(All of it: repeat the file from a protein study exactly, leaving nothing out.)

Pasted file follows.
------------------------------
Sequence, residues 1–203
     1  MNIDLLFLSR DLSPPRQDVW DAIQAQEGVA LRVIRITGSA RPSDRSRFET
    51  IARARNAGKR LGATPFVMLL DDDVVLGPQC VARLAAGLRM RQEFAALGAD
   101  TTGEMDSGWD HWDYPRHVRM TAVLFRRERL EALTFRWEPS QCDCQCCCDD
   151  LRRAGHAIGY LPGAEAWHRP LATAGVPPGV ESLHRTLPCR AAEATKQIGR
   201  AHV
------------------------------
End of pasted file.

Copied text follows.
Sequence, residues 1–203
     1  MNIDLLFLSR DLSPPRQDVW DAIQAQEGVA LRVIRITGSA RPSDRSRFET
    51  IARARNAGKR LGATPFVMLL DDDVVLGPQC VARLAAGLRM RQEFAALGAD
   101  TTGEMDSGWD HWDYPRHVRM TAVLFRRERL EALTFRWEPS QCDCQCCCDD
   151  LRRAGHAIGY LPGAEAWHRP LATAGVPPGV ESLHRTLPCR AAEATKQIGR
   201  AHV